The class objective was for each of the six groups in class to acquire $10,000 in donated goods for Mel Trotter, a Grand Rapids nonprofit that provides for the homeless and the hungry. After three months of reaching out to friends, family, and local businesses, the Aquinas students far exceeded that goal and loaded three trucks with their collected donations.
When their project started in August, no team thought they would get close to the $10,000 goal set by professor Mark O’Toole, Chair of the Department of Business Administration. By November, every group exceeded expectations and gained a tremendous learning experience through their collaboration with teammates to help those in need. The final amount was calculated by associating each item with a fixed retail value, which is lower than most store prices. For example, every pair of shoes was valued at $50. Perrigo Charitable Foundations, which provided the health supplies, estimated its contribution at $15,560.
Students moved quickly to pack donations in boxes before bringing them outside to the trucks. Clothes, shoes, business attire, canned goods, and health and hygiene products were loaded out of their storage room. Some of the piles of donated goods reached the ceiling.
When complimented for their efforts, students were quick to mention their classmate Olivia Sebright and her impressive contribution to the project. The sophomore student, majoring in business administration and communication, brought in more than $15,000 of over-the-counter medicine and hygiene products from Perrigo.
Sebright explained, “I went on the Mel Trotter website and read that toothbrushes and medicines were some of their client’s urgent needs. There is a Perrigo outlet store near my hometown. This was kind of what sparked me to apply for a donation.”
Three weeks after Sebright filled out the paperwork, Perrigo donated oral care products, and cold, allergy and cough relief medicines to fight Michigan’s harsh winter.
Other classmates showed great ingenuity in increasing the visibility of the project. Sophomore student Haley Goodenough used the Facebook page of her family’s Christmas tree farm in Galien, MI to reach 2,500 followers. Her mom shared Haley’s post about the need for donations to tree-loving customers. Soon, donations of clothing started showing up as the business’ long-term customers displayed their generosity.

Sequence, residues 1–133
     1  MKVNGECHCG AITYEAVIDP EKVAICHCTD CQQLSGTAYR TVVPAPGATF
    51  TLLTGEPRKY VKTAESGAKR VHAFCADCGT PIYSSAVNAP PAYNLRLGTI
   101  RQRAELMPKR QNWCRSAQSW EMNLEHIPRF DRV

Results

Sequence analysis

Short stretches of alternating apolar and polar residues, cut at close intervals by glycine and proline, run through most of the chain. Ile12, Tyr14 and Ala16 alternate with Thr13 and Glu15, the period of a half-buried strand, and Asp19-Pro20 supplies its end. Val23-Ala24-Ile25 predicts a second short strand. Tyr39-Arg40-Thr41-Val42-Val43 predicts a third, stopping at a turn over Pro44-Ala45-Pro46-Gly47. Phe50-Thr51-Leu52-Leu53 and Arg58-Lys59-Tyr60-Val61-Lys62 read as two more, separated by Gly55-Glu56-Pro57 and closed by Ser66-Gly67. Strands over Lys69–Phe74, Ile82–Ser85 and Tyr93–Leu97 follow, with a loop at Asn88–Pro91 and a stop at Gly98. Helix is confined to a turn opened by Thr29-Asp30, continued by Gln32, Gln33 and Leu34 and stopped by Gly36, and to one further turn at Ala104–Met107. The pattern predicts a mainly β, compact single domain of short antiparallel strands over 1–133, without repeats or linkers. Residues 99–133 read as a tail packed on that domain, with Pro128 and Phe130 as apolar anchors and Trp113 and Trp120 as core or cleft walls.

In a different group, John Paul Strobel and his team of four chose to tape letters on the doorknobs of more than 100 homes in East Grand Rapids. In their note, the students explained they would be back to collect donations the next week. Through their door-to-door efforts, they collected about $15,000 in donations. Beyond that, the team spread the word through their personal contacts and gathered another $28,000 in donations, showing that personal connections are sometimes best.
Some students working in off-campus jobs collected clothes from fellow employees and company swag. Reaching out to athletic teammates and their families proved to be another efficient method used by most groups who received large quantities of shoes and clothes donations after Fall and Thanksgiving break.
In addition, the majority of students made great use of their hometown networks to expand their reach beyond Grand Rapids. As out-of-state sophomore student Charlie Stachnik explained, “I reached out to my barbershop back home and the businesses that I grew up around.” His teammates designed a poster to be displayed by these businesses. His barber went as far as setting up his shop to encourage his customers to participate. Charlie drove back to Aquinas from Cleveland with a car full of clothes and other items needed by Mel Trotter Ministries.
There is one strong consensus amongst all the student groups: community and word-of-mouth prevailed over social media. All groups observed that the majority of donations came from their neighbors and family. Students were able to collaborate with businesses thanks to preexisting relationships. This successful project represents the type of community that we have on the Aquinas campus: collaborative, hardworking, and generous. These dedicated students embody Aquinas’ Dominican pillar of Community.